Either way you should choose to donate your body, you’re also minimizing funeral costs to some degree, so that can benefit your surviving loved ones.

Hopefully, there’s an appealing avenue of action on this list. And if you’re just not inclined or can’t for any reason (and there are plenty), assuage any guilt by finding another worthwhile manner to help those who might not have, yet need, what you do.

via Honor Africans / Twitter

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Looking back, the year 1995 seems like such an innocent time. America was in the midst of its longest streak of peace and prosperity. September 11, 2001 was six years away, and the internet didn't seem like much more than a passing fad.

Twenty-four years ago, 18 million U.S. homes had modem-equipped computers, 7 million more than the year before. Most logged in through America Online where they got their email or communicated with random strangers in chat rooms.

According to a Pew Research study that year, only 32% of those who go online say they would miss it "a lot" if no longer available.

Imagine what those poll numbers would look like if the question was asked today.

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"Few see online activities as essential to them, and no single online feature, with the exception of E-Mail, is used with any regularity," the Pew article said. "Consumers have yet to begin purchasing goods and services online, and there is little indication that online news features are changing traditional news consumption patterns."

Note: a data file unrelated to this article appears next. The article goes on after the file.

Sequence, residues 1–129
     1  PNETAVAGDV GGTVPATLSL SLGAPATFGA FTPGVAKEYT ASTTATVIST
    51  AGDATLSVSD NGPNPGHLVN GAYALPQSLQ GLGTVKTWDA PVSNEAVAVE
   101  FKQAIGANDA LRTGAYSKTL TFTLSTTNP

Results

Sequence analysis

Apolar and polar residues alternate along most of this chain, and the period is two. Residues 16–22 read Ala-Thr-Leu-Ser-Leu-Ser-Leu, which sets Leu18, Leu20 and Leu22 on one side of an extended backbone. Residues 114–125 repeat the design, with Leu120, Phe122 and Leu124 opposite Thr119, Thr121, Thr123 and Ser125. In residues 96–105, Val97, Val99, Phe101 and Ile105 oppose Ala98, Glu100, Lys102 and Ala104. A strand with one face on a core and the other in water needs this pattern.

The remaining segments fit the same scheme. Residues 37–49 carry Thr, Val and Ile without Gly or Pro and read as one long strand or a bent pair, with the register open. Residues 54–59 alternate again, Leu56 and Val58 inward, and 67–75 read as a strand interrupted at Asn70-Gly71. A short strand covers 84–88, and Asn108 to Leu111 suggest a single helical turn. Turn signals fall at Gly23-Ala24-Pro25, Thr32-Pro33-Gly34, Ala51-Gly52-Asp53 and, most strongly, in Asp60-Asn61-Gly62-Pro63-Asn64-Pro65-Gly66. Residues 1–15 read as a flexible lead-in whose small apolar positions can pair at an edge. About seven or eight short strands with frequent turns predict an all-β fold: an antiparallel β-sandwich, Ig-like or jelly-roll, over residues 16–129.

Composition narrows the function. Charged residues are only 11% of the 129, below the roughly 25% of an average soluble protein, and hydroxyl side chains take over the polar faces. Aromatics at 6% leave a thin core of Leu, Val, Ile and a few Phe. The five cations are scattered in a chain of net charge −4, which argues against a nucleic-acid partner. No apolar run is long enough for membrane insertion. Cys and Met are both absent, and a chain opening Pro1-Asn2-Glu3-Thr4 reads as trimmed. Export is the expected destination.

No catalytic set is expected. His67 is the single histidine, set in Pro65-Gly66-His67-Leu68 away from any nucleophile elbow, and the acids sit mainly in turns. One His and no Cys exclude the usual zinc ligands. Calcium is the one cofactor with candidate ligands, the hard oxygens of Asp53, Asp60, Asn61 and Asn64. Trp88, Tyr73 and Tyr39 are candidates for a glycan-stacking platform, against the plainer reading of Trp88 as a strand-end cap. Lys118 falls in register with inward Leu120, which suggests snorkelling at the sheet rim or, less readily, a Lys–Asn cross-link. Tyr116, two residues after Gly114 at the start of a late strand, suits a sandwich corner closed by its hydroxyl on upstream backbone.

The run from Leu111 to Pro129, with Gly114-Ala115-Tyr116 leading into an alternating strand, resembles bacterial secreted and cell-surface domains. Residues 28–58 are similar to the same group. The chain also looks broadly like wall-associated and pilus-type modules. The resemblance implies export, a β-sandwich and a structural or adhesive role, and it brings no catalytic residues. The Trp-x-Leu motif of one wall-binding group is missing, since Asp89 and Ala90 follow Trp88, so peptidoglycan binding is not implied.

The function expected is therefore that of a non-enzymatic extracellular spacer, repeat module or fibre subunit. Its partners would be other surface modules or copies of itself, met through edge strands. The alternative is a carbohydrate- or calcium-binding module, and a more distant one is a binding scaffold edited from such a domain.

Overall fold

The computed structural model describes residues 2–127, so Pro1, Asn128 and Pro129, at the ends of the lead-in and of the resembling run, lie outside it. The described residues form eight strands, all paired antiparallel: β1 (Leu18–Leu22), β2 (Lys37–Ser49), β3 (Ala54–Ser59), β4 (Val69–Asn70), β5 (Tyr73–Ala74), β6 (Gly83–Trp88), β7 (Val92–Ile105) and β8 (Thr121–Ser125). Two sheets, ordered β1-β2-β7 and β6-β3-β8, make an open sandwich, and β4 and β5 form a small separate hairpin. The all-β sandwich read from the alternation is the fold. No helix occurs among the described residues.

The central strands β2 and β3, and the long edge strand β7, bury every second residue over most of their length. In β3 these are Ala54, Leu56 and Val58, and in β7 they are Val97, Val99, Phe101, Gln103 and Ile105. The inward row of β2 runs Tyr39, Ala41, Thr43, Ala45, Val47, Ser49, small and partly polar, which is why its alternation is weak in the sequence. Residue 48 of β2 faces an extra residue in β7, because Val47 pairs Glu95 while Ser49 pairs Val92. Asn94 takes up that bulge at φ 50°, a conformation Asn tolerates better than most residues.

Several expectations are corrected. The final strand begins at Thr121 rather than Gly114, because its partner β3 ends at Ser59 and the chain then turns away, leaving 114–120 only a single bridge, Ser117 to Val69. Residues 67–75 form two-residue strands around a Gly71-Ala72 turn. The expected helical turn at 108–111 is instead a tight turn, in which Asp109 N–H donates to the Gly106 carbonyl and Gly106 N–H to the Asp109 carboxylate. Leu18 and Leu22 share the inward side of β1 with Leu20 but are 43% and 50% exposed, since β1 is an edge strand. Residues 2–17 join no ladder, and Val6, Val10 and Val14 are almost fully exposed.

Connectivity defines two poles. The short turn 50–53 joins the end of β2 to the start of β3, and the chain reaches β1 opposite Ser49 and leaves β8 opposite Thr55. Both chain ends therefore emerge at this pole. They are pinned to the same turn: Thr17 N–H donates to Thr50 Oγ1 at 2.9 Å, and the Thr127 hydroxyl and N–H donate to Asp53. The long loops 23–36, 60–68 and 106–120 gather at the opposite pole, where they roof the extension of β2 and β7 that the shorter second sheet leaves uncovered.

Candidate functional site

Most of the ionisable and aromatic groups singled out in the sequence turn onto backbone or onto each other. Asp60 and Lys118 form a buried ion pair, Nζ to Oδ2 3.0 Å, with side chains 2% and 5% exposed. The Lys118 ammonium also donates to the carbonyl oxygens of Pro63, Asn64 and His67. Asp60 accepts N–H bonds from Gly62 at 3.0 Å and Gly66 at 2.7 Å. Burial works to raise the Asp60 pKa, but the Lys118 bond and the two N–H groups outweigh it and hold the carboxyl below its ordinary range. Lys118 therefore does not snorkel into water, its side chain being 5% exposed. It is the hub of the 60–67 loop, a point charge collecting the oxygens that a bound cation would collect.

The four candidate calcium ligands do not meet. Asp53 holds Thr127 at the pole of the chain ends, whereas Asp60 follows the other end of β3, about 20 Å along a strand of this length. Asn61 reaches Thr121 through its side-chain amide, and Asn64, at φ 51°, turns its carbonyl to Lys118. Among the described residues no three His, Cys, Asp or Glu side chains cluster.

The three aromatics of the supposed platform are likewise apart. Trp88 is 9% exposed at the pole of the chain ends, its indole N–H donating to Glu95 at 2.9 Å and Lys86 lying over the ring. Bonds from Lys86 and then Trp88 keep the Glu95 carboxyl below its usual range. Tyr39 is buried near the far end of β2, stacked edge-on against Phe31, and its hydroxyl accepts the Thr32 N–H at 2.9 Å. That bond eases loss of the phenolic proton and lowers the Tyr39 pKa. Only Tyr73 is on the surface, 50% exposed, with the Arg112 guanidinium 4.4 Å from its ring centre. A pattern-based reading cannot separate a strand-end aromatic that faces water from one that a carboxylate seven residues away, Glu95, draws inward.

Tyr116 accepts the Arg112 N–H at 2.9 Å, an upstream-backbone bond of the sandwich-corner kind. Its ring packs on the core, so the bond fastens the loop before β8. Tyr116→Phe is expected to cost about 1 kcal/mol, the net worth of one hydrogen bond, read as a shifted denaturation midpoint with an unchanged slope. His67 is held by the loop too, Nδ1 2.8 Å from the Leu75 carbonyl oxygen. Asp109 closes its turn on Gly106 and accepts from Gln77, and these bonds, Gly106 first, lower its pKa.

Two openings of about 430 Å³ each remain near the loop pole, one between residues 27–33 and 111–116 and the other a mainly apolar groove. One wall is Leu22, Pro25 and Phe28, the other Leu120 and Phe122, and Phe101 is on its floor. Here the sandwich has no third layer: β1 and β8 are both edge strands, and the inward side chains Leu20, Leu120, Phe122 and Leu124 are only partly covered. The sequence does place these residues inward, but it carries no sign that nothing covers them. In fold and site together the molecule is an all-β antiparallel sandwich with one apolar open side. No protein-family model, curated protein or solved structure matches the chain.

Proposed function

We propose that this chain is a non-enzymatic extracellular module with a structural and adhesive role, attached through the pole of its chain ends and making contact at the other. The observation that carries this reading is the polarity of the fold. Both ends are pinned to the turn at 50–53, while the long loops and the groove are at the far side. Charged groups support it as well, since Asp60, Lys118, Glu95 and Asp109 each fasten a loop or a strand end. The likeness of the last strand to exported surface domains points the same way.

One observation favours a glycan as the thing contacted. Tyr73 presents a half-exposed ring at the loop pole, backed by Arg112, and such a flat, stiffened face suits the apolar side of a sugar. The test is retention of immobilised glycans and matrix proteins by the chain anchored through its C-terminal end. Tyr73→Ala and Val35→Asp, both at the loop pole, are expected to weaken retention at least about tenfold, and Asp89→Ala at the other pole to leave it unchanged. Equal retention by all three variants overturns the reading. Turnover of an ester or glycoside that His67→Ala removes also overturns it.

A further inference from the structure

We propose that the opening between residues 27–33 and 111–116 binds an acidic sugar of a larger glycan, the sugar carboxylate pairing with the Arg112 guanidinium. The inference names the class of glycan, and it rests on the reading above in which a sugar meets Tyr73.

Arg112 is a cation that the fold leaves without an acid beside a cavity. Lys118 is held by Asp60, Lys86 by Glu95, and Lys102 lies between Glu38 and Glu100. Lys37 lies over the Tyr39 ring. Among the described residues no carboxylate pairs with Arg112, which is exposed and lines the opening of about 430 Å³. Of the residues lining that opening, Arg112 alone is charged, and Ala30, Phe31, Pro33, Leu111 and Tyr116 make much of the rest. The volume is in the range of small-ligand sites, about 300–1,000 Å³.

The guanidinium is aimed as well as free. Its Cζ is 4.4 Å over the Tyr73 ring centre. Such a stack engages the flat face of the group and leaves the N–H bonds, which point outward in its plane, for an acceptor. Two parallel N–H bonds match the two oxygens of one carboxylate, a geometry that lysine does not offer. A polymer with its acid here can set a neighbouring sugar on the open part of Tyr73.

"Late Night" host David Letterman had Microsoft founder and, at that time the richest man in the world, on his show for an interview in '95 to discuss the "the big new thing."

During the interview Letterman chided Gates about the usefulness of the new technology, comparing it to radio and tape recorders.

Gates seems excited by the internet because it will soon allow people to listen to a baseball game on their computer. To which Letterman smugly replies, "Does radio ring a bell?" to laughter from the crowd.

But Gates presses Letterman saying that the new technology allows you to listen to the game "whenever you want," to which Letterman responds, "Do tape recorders ring a bell?"

Gates then tells Letterman he can keep up with the latest in his favorite hobbies such as cigar smoking or race cars through the internet. Letterman shuts him down saying that he reads about his interests in magazines.

RELATED: Bill Gates has five books he thinks you should read this summer.

The discussion ends with the two laughing over meeting like-minded people in "troubled loner chat room on the internet."

The clip brings to mind a 1994 segment on "The Today Show" where host Bryant Gumbel and Katie Couric have a similar discussion.

"What is internet anyway?" an exasperated Gumball asks. "What do you write to it like mail?"

"It's a computer billboard but it's nationwide and it's several universities all joined together and it's getting bigger and bigger all the time," a producer explains from off-stage.

Photo by Li-An Lim on Unsplash

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A new CBS News poll found that 70% of Americans between 18 and 29 feel climate change is a crisis or a serious problem, while 58% of Americans over the age of 65 share those beliefs. Additionally, younger generations are more likely to feel like it's their personal responsibility to address climate change, as well as think that transitioning to 100% renewable energy is viable. Overall, 25% of Americans feel that climate change is a "crisis," and 35% feel it is a "serious problem." 10% of Americans said they think climate change is a minor problem, and 16% of Americans feel it is not a problem that worries them.